Crime Library: Criminal Minds and Methods

Serial Killer Groupies

Male Bonding

 

While Newton makes a point that serial killers have "an almost hypnotic effect on the opposite sex," in fact not all fans of male serial killers are female. Many Web sites devoted to the subject are maintained and authored by males, and the tone of exclusive ownership apparent in the chat lists and guest books suggests an obsession nearly equal to that of women who become infatuated with criminals. A case in point is the book written by Jason Moss about his own intense fascination with serial killers. While in interviews he downplays it all, as if it were just a project, one can see a high degree of excitement in his planning and in his writing.

As dubious as some of his claims are when he describes being in danger, he tells the compelling tale of how he began one day at the age of 18 to start up correspondences with serial killers. Among them were Jeffrey Dahmer, Charles Manson, and Richard Ramirez. While those associations were short-lived, his most intense obsession developed with John Wayne Gacy, killer of 33 young men and boys during the 1970s. Moss indicates that each letter from any of the killers to him brought him a step closer to them, inspiring him to learn everything he could about their criminal acts and perversions.

To keep Gacy interested, Moss read gay novels to learn how to pretend he was a gay hustler so he could offer beguiling descriptions. He eventually arranged a visit to the man at Menard Correctional Center in Chester, Ill., claiming that Gacy had bribed the guards to leave them alone in a private room. Moss writes that he was very nearly Gacy's final victim.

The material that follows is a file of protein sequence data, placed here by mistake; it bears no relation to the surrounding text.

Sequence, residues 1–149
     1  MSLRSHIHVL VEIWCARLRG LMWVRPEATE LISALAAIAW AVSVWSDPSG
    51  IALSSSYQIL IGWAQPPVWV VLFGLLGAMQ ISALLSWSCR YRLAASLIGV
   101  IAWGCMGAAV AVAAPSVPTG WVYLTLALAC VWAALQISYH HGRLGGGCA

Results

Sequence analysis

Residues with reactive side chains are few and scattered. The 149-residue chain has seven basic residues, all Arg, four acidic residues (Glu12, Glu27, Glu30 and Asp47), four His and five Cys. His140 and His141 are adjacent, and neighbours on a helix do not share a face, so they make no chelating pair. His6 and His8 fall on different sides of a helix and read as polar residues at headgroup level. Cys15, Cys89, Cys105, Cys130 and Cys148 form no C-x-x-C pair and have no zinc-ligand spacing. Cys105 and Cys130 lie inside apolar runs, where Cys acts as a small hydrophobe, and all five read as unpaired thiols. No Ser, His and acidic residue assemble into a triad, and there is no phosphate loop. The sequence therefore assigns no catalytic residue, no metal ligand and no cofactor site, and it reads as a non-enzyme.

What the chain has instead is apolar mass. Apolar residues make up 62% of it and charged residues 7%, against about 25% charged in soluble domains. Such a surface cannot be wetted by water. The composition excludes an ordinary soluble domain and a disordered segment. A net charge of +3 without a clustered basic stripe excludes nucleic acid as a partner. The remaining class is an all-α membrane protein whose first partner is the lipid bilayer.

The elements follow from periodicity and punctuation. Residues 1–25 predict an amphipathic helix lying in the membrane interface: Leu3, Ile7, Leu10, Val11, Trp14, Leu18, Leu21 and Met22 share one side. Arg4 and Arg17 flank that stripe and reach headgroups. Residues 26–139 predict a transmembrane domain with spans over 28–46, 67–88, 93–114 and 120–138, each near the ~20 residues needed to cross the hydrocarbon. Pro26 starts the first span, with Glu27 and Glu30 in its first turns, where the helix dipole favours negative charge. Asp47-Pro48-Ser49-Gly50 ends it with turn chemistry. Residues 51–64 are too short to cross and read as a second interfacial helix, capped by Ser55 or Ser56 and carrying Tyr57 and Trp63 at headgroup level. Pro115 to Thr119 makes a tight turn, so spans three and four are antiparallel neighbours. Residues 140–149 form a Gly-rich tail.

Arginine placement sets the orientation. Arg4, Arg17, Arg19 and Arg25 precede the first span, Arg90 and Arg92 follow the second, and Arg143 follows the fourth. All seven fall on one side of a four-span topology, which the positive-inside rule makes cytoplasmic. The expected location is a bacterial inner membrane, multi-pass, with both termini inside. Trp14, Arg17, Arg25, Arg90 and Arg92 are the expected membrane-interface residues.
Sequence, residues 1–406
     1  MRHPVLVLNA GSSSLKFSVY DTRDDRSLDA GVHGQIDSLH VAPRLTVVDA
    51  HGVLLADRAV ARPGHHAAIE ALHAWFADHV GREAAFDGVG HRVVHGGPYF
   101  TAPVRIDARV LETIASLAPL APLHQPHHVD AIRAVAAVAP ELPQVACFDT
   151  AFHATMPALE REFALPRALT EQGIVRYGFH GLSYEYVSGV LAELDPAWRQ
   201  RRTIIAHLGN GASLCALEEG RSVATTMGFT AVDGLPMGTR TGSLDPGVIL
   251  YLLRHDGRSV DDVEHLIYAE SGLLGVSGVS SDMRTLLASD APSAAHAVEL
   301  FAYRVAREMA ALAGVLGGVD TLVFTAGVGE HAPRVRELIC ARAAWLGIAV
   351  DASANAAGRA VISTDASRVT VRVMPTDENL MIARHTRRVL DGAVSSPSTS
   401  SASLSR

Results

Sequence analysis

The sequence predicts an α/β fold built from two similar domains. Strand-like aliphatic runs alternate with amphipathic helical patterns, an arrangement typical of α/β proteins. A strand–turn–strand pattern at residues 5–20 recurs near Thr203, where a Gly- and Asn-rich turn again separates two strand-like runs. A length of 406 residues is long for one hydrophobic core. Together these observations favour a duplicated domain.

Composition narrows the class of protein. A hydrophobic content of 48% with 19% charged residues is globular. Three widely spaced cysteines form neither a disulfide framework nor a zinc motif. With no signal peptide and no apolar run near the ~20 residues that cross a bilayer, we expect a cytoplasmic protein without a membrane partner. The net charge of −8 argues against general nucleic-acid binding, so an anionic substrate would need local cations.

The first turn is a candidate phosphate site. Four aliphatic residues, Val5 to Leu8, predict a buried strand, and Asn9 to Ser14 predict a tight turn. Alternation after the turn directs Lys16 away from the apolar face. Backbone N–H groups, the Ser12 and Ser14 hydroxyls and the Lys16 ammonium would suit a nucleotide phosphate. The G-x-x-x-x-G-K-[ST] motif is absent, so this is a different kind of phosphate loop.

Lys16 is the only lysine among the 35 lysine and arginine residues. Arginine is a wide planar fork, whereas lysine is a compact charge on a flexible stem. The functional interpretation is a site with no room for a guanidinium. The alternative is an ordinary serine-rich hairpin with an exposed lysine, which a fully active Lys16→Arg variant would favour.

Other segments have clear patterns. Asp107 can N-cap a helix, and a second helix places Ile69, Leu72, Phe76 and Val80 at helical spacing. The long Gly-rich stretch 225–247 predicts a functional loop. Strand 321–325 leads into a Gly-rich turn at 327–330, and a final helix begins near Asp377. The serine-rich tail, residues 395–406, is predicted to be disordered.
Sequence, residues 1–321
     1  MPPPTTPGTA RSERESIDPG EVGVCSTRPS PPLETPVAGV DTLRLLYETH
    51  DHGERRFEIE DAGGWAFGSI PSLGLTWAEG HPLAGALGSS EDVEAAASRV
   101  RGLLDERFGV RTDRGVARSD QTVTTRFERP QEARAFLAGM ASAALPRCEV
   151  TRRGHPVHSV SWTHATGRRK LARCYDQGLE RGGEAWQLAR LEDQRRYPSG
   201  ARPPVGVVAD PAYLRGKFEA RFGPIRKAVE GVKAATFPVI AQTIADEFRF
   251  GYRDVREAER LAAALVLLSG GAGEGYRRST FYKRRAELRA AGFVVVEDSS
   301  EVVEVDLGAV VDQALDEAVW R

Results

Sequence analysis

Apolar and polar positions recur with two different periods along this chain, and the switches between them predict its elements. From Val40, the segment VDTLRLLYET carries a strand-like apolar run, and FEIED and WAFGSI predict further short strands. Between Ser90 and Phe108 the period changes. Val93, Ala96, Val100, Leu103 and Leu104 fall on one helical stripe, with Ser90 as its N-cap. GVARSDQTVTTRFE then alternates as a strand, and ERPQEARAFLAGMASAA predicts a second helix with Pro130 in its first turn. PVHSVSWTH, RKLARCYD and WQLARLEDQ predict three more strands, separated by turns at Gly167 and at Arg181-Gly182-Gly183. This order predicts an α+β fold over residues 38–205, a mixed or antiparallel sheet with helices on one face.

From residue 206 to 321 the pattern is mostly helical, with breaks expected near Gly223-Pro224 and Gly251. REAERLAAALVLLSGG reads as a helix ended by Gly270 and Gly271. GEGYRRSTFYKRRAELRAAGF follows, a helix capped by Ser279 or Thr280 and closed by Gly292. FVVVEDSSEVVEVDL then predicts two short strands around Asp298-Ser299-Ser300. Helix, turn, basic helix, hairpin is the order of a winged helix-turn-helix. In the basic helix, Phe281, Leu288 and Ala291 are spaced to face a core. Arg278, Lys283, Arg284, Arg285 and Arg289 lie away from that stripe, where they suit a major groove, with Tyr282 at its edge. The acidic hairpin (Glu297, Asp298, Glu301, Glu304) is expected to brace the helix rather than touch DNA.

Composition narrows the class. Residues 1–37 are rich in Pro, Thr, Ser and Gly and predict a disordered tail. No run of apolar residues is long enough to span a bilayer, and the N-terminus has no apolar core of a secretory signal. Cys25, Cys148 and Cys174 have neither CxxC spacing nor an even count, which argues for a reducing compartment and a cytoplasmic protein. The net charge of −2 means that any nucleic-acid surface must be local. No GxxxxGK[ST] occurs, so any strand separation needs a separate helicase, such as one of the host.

It's interesting to note that no news journalist ever called the prison to see if such conditions could have occurred (opening the prison and guards up to a potential lawsuit), and that Moss waited until after Gacy was dead to produce his book. Gacy had no way to counter the tale. For all anyone knows, these two may only have had a pleasant chat.

In any event, Moss's apparent desire to grab some notoriety by association with a sinister killer is akin to that of the females who get involved with serial killers as a way to get attention for themselves. In an interview with Salon.com, Moss indicated that he received letters from people all over the country who wished they had been in his shoes — who thought he shared with them a passion for the dark side. While he claimed that he was shocked by such sentiments, his words ring false against the manner in which he wrote the book. There's no doubt that he was just as caught up as any of the SKGs described above.

On June 6, 2006, Jason Moss shot himself in the head in the bathroom of his Henderson, Nevada, home. He had become a criminal defense attorney and was married. There was some suggestion that he had picked 6/6/06 for its symbolic association (much has been made of the 666 connection with the Book of Revelations and "the Beast"), but he apparently did not leave an explanatory note. Only weeks before, he had sounded "harried," according to his co-author, Jeffrey Kottler, as quoted in the Las Vegas Review-Journal. To Kottler, it seemed to be "Jason as usual," with no indication that he was depressed. If a movie is ever made of the book, perhaps more clarification will be forthcoming.

To find people enamored in this way with serial killers, one need only go on the Internet and check out some of the sites dedicated to serial killers. While some are merely informational, others contain opportunities for expressing the desire to associate with dangerous men and material from those who would die to meet a killer — literally.

 

 

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